Dontnod Entertainment is a modern-day example of a studio rising from the ashes to become a relevant name in the gaming industry. After Remember Me‘s mixed reception, the episodic teen drama stories in Life is Strange were met with monumental success, leading to a lot of growth for the French development team.
The developer’s latest project, Vampyr, is one that should inspire interest because of its intriguing setting and unique gameplay mechanics, but its pacing and bland combat woefully bring down the overall experience.
What Is It?
Created using the Unreal Engine, Vampyr is an action RPG set in London during the 1918 Spanish flu pandemic. The game begins with your character running around the streets of London, fleeing people hunting you, until you run into a girl who’s actually your sister. After an embrace, you bite her in the neck, effectively injuring her.
You later find that you’re actually Jonathan Reid, a renowned doctor specializing in the new technology of blood transfusion, who gets recruited as a physician in the local hospital to help out with all the people being checked in as a result of the pandemic. The fact that you’re a vampire further complicates things.
Why Should I Care?
Vampyr does have a central plot to it, but the bulk of your time will be spent talking to the locals, treating patients, and from there you’ll essentially be playing god and deciding who lives and who dies… the way a vampire would.
You have access to a chart showing all the important NPCs you’ve met and each of them has an indicator of the amount of experience you’d gain should you choose to suck their blood. They’re always amounts drastically higher than the experience you’d get when killing random enemies. Should you choose to bite these humans, not only will you have a whole lot more experience points to play with and upgrade your vampiric abilities, there’ll also be a fair share of repercussions both in the way characters interact as well as how “dangerous” the area you’re in ends up being.
The temptation of feeding on your peers ends up being quite high because the game’s combat takes a bit of time to get used to, as some of the early bosses can be pretty challenging unless you turn your Dark Souls skills on–I found myself slashing enemies and running away a lot.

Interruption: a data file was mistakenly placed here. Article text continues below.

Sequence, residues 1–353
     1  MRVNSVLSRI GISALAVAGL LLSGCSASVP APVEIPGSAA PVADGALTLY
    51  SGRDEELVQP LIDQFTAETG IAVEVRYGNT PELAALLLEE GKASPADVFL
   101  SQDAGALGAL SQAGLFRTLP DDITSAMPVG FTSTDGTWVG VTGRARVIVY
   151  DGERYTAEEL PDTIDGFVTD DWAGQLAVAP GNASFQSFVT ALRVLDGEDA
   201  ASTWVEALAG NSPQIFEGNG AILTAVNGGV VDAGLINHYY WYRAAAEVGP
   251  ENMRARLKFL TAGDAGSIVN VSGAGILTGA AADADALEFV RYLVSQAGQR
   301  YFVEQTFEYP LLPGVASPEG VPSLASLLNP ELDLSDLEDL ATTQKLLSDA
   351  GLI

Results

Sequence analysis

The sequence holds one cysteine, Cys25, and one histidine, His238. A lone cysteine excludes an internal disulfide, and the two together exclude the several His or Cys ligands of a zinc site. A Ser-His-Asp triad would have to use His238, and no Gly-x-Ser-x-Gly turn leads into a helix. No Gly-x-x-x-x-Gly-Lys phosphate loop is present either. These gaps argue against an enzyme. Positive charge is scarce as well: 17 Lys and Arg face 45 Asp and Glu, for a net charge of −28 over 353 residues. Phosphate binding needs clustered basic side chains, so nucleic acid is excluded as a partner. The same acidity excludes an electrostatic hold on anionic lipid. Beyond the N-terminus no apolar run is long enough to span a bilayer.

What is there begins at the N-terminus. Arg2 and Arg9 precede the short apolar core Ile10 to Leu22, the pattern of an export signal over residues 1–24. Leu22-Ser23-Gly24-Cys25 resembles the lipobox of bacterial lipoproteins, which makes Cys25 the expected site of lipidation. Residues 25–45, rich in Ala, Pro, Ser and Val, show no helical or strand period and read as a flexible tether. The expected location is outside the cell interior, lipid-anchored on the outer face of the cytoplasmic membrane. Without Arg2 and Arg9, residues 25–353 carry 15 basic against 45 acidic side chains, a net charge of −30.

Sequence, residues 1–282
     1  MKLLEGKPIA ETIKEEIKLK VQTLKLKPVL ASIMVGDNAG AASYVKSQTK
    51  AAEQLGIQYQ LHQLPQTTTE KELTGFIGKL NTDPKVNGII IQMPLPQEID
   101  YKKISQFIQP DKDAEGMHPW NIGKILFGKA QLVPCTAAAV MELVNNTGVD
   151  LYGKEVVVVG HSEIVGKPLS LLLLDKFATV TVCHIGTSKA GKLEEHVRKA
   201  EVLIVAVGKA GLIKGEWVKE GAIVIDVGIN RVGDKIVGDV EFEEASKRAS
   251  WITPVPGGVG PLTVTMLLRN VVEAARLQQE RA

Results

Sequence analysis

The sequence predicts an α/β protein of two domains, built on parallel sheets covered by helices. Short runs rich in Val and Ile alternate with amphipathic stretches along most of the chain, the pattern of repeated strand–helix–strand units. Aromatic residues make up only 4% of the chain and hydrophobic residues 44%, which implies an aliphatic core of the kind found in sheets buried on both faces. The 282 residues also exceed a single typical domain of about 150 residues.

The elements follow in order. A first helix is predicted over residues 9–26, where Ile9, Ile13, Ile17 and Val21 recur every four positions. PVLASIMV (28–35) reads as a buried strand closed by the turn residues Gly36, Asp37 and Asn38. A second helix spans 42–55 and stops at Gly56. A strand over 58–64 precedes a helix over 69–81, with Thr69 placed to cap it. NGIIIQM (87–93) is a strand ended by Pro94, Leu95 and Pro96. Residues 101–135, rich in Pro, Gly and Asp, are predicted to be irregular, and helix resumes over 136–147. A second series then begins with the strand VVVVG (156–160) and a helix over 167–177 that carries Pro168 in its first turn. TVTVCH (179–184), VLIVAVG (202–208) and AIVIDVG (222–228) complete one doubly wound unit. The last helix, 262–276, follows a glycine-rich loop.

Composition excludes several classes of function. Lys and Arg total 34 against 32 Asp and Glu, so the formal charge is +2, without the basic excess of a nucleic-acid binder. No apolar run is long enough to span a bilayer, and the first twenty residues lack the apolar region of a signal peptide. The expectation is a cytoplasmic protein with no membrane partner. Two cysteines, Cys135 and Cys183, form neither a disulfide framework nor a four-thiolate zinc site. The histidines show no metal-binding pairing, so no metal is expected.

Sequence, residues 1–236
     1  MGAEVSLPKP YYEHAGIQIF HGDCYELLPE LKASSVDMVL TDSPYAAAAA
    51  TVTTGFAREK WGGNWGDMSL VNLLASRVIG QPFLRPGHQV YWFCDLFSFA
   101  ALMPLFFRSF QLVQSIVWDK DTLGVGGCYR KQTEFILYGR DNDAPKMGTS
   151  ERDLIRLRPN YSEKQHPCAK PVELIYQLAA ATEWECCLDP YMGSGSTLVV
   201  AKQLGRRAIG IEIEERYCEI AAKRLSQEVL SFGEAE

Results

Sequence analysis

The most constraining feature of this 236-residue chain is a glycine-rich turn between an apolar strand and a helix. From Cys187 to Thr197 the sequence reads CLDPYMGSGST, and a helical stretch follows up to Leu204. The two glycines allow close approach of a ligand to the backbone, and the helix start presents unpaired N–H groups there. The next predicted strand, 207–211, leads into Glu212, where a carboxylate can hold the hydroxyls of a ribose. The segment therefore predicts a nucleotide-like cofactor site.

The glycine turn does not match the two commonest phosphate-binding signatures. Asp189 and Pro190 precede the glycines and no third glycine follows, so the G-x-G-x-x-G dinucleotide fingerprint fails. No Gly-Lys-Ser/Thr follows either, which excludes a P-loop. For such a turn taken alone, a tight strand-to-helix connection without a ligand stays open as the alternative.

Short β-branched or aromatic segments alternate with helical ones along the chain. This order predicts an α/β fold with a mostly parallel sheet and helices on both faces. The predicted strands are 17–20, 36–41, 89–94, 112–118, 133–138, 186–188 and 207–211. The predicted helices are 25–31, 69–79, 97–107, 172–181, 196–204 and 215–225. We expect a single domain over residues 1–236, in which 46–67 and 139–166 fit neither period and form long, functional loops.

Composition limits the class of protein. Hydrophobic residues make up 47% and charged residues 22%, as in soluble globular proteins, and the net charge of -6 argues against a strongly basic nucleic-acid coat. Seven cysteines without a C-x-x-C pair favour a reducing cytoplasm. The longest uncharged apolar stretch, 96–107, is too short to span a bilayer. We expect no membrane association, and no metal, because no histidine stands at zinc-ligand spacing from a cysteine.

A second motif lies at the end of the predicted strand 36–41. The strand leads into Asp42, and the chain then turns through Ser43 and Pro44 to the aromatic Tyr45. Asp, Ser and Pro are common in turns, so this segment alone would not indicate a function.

Like most RPGs, you’ll find loot that allows you to upgrade some of the weapons you come across, but the game doesn’t really make an effort to show you how some of these mechanics work. While all of this should be self-explanatory to veterans of the genre, the actual menus don’t really cooperate. I was already about 10 hours into the game before I really made an effort to upgrade my gear, but I didn’t realize I had to change gear from the equipment screen. If this function was also available in the inventory or items screen, it would’ve been less complicated, so it’s weird that it was done this way because aside from this, the menus are pretty easy to navigate and understand.
As far as actual combat goes, it essentially plays like a hack and slash, but you also have a stamina and blood meter to pay attention to in addition to your health. When you damage an enemy enough to stun them, you’ll also be able to bite them, which replenishes your blood as well as gives you enough time for your stamina to fill up to continue to use whatever melee weapons you have. The meta of creating your own combos with these abilities makes the combat more strategic. Bigger enemies and bosses will obviously require you to use more of your wits, as you’ll spend a lot of time running around the screen planning when to get your hits in and avoid getting hurt. Of course, as you get further into the game you’ll have more abilities at your disposal so you can diversify your combat style.
It’s worth noting that we also experienced quite a bit of input lag despite all the gameplay being offline, but that might just be pre-release hiccups.
The problem with the game’s action sequences is that they’re few and far between, and when you’re actually out killing things in your path, it’s not interesting enough to feel like any there was any real payoff.
The game’s ebb and flow typically follows Dr. Reid’s work as a doctor, researching blood from inhumans he takes out and socializing with the hospital staff. From there, you find that you have to go to some other town, interview the locals, go into a dungeon, and repeat. While there’s nothing wrong with this formulaic approach, nothing about any of this is particularly interesting, and all the conversations you enter into are just too long. The main thing you get out of these conversations are prompts to unlock even more pieces of dialog from other characters. As great as the writing may be, it just comes off as boring because of how long you’ll be sitting listening to the dialog.
What Makes It Worth My Time And Money?
Vampyr has a lot of great features and ideas, which is an impressive thing to say about any game in this genre, but it just doesn’t hit home on aspects that make a good action RPG truly engaging. The story was fine, but bad pacing highlighted by long-winded conversations bring down the enjoyment, and when you eventually get to the game’s action-based gameplay, the payoff just doesn’t feel like it was worth any of the grind.